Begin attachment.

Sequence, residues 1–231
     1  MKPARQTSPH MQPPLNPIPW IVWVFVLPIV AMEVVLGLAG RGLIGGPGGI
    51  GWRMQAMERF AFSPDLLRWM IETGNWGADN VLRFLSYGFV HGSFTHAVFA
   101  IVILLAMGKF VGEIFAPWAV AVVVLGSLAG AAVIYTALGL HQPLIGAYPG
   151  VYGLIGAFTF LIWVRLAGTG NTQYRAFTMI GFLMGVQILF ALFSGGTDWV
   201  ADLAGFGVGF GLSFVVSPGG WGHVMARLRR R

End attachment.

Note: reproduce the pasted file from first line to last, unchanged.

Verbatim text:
Sequence, residues 1–231
     1  MKPARQTSPH MQPPLNPIPW IVWVFVLPIV AMEVVLGLAG RGLIGGPGGI
    51  GWRMQAMERF AFSPDLLRWM IETGNWGADN VLRFLSYGFV HGSFTHAVFA
   101  IVILLAMGKF VGEIFAPWAV AVVVLGSLAG AAVIYTALGL HQPLIGAYPG
   151  VYGLIGAFTF LIWVRLAGTG NTQYRAFTMI GFLMGVQILF ALFSGGTDWV
   201  ADLAGFGVGF GLSFVVSPGG WGHVMARLRR R